Myofibroblasts are specialized cells within the body that aid in wound healing. Upon activation by biochemical and mechanical signals, myofibroblasts secrete and organize ECM, develop specialized matrix adhesions , and exhibit cytoskeletal organization characterized by contractile actin filaments . Together, these features allow for re-establishment of mechanical integrity and stability to the damaged tissue and enable the myofibroblasts to exert large contractile forces on their microenvironment thus assisting in both the closure of the wound and remodeling of the tissue [13, 14]. When wound healing is complete, myofibroblasts undergo apoptosis which decreases the cellularity of the granulation tissue and promotes the formation of scar tissue . Due to their important role in wound healing, these cells have attracted much interest for regenerative medicine applications.
Upon aberrant and chronic activation, myofibroblasts can mediate the development of fibrosis [16–20]. The sustained activation of myofibroblasts results in the enhanced production of ECM components, including collagen types I, III, IV, V, and VI and fibronectin [21–23]. Through integrin engagement with ECM components and cytoskeletal contractility, myofibroblasts exert large forces on the ECM thus enabling matrix assembly and alignment . Together, these factors can lead to stiffening of the tissue and disruption of tissue architecture and function.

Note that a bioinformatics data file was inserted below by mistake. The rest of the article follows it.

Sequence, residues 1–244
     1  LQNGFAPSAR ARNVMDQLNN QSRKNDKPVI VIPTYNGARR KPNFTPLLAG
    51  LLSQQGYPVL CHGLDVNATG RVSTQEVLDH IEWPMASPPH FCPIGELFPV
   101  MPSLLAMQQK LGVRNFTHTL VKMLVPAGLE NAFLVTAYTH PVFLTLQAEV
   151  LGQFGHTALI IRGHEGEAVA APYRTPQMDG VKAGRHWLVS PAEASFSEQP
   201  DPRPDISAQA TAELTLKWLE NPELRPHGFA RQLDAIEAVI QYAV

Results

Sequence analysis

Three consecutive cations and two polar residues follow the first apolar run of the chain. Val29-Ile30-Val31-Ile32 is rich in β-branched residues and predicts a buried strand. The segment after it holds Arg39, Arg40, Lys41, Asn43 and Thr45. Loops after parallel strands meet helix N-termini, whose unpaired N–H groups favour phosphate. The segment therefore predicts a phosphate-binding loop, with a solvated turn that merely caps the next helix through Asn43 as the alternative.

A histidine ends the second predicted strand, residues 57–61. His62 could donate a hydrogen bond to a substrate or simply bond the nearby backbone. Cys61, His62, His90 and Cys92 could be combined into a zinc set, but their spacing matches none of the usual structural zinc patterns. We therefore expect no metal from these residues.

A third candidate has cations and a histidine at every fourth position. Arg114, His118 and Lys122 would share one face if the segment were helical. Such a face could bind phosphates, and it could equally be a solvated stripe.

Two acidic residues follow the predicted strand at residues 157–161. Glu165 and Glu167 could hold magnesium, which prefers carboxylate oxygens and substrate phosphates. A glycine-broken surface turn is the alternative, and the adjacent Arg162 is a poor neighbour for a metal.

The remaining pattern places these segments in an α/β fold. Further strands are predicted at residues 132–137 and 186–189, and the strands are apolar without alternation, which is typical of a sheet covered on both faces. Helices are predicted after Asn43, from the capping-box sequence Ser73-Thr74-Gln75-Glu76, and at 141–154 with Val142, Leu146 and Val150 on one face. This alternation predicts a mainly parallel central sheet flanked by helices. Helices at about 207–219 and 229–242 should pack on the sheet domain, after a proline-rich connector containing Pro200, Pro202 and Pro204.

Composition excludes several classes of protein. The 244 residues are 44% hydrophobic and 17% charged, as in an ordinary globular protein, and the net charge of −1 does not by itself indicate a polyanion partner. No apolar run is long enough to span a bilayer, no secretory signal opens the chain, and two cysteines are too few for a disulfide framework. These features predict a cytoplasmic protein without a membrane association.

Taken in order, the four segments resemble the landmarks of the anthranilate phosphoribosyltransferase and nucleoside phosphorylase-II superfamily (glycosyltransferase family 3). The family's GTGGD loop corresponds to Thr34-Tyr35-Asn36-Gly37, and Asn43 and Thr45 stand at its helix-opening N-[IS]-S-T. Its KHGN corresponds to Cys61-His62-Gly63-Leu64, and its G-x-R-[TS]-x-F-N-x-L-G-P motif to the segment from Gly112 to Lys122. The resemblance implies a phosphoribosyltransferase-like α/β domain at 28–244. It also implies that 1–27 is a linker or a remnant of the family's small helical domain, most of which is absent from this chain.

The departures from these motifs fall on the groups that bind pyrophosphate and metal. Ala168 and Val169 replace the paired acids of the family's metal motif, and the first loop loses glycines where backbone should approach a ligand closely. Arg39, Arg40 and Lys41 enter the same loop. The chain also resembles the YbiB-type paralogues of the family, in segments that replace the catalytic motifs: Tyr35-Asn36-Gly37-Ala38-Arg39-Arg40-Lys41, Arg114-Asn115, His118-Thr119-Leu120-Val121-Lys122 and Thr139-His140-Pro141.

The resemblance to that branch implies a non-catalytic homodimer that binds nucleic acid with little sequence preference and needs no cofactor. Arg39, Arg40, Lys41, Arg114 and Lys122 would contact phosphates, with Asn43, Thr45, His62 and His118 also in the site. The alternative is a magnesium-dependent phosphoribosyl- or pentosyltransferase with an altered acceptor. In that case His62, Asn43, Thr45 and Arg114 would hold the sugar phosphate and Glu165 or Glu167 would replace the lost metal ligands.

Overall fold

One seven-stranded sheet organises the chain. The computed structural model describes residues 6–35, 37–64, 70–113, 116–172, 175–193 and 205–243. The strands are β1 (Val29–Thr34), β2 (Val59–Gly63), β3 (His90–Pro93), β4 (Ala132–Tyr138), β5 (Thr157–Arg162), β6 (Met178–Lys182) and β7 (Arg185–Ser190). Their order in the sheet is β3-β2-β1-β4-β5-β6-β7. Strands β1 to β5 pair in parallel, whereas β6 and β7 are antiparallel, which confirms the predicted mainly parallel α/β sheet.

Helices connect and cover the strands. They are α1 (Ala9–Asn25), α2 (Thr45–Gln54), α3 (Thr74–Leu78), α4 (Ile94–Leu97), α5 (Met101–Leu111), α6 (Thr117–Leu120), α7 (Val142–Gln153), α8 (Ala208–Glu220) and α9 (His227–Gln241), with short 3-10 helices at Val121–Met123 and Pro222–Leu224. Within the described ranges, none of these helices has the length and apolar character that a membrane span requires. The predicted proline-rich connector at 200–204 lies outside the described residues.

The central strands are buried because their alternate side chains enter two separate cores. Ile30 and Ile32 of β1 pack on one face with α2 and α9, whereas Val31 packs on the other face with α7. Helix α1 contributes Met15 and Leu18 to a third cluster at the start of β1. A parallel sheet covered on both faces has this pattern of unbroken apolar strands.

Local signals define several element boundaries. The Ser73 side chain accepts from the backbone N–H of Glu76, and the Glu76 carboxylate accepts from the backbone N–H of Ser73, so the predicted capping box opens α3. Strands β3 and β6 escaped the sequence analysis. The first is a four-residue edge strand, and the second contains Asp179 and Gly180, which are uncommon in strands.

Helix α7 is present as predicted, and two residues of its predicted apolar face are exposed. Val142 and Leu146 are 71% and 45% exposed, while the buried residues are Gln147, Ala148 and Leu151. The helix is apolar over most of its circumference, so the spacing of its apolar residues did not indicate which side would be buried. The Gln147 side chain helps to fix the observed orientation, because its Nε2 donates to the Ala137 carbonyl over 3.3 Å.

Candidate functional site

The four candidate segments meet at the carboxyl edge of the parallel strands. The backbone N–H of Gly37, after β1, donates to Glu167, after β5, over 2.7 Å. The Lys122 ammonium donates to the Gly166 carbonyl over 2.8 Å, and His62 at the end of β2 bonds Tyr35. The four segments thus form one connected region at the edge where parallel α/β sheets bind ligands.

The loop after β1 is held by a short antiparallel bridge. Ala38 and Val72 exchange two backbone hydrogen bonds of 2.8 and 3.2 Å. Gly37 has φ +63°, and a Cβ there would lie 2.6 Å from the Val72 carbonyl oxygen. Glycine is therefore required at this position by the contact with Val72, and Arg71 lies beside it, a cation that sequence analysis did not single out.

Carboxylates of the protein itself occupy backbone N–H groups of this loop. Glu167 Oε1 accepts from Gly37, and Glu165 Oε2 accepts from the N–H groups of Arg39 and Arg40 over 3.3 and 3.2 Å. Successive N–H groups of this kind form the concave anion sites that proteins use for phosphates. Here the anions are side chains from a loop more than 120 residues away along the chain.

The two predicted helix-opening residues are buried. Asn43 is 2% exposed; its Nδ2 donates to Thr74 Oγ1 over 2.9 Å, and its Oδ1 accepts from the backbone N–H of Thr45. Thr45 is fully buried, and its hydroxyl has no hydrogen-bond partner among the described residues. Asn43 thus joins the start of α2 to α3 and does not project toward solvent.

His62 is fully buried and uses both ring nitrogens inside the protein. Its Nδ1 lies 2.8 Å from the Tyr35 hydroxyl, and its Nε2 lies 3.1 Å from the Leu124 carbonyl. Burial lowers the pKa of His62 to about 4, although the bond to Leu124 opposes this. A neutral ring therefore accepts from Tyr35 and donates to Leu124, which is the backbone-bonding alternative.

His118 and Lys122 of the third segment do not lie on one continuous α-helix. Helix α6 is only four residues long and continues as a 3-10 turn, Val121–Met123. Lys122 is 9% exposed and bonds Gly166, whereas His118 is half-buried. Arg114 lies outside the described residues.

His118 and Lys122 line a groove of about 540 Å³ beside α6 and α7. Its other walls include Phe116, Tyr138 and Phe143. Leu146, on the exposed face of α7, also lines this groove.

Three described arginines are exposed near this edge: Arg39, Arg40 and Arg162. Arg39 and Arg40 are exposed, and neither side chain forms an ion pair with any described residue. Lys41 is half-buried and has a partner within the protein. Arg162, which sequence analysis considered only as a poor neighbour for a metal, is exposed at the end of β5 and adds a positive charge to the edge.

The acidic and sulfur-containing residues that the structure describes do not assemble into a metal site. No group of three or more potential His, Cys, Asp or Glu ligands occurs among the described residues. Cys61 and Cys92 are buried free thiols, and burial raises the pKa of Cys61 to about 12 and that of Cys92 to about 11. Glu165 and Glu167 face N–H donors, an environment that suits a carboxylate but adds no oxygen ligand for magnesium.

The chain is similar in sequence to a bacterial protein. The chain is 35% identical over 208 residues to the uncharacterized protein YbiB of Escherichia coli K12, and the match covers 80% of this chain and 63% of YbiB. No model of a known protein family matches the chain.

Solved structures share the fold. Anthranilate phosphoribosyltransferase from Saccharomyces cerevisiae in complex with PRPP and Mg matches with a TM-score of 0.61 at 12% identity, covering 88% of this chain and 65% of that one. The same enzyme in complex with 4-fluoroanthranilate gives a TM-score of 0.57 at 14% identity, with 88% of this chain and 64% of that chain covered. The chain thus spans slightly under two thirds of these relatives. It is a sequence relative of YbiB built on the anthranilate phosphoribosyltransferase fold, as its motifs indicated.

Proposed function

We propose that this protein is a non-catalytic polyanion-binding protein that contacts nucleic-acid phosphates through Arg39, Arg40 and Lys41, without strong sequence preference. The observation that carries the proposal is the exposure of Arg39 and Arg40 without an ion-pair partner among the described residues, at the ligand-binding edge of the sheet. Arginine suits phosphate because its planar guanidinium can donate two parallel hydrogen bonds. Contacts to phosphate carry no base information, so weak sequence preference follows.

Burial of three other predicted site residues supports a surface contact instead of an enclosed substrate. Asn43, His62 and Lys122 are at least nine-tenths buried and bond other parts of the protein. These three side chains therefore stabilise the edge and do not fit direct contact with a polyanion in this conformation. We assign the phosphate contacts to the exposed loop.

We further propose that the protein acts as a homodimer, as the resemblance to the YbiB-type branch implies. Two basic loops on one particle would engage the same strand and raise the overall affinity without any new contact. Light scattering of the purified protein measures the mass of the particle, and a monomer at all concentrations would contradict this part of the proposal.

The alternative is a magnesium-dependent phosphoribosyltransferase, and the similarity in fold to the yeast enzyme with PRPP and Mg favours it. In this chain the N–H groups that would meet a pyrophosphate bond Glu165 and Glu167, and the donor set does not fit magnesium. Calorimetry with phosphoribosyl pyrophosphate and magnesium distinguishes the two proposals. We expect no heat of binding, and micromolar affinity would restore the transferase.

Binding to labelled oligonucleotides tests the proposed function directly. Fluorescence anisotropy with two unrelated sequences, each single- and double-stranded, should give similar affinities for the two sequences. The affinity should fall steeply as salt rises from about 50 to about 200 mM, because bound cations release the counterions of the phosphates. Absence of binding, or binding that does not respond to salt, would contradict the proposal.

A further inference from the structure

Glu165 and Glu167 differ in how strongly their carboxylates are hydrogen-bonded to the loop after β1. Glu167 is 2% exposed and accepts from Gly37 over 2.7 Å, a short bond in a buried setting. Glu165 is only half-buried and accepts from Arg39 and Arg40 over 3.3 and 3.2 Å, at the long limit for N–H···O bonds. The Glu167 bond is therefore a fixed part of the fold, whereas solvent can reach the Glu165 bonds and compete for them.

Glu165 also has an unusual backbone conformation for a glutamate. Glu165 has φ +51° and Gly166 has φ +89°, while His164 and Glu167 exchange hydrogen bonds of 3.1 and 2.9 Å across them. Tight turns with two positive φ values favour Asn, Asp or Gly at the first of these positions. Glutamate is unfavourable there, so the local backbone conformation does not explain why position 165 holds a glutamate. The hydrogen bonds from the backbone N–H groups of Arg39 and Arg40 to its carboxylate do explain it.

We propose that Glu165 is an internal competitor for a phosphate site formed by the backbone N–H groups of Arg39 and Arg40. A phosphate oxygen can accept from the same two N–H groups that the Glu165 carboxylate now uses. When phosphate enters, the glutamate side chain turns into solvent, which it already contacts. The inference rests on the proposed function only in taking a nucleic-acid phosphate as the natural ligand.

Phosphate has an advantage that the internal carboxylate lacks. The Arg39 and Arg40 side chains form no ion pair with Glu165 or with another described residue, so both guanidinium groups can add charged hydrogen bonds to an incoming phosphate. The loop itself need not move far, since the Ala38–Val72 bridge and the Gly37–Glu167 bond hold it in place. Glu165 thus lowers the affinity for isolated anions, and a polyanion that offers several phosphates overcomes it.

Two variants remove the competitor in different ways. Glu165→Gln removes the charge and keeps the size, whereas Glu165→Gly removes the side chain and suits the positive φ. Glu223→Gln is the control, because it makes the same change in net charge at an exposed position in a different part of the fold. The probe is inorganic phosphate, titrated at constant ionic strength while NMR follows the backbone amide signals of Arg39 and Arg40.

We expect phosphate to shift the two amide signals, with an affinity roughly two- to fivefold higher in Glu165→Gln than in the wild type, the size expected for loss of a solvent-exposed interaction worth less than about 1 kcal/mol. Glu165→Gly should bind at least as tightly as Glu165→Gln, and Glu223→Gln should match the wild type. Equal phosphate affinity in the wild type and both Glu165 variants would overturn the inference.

Studies suggest that myofibroblasts are key players in the progression of a variety of cancer types including lung , liver [3, 25], breast , and gastric  cancer. Myofibroblasts have been found at the invasive fronts of tumors where they secrete pro-invasive cytokines, proteases, and inflammatory mediators [28–36]. Fibrotic lesions and myofibroblasts have also been found in the tumor microenvironment prior to cancer cell invasion into the stroma suggesting that myofibroblasts may mediate an invasive phenotype . Indeed, myofibroblasts are found in higher proportions in the stroma of invasive breast cancers than in in situ carcinoma and their presence has been correlated with lymph node metastasis and increased histological grade in invasive ductal carcinoma [38, 39]. Contrary to these reports, a recent study found that myofibroblasts may serve a protective role in the context of pancreatic cancer as depletion of myofibroblasts and fibrosis in a mouse model of pancreatic ductal adenocarcinoma leads to a more invasive cancer cell phenotype and reduced survival . Depletion of myofibroblasts promoted remodeling of the pancreatic tumor stroma as well as changes in immune cell infiltration to the tumor. Thus, the effect of myofibroblasts on cancer progression appears to be complex and multifaceted and may vary depending upon organ or stage of cancer. Future investigation of the effect of in vivo myofibroblast depletion in other cancer types will be informative and will shed further light on the role of myofibroblasts in tumor progression.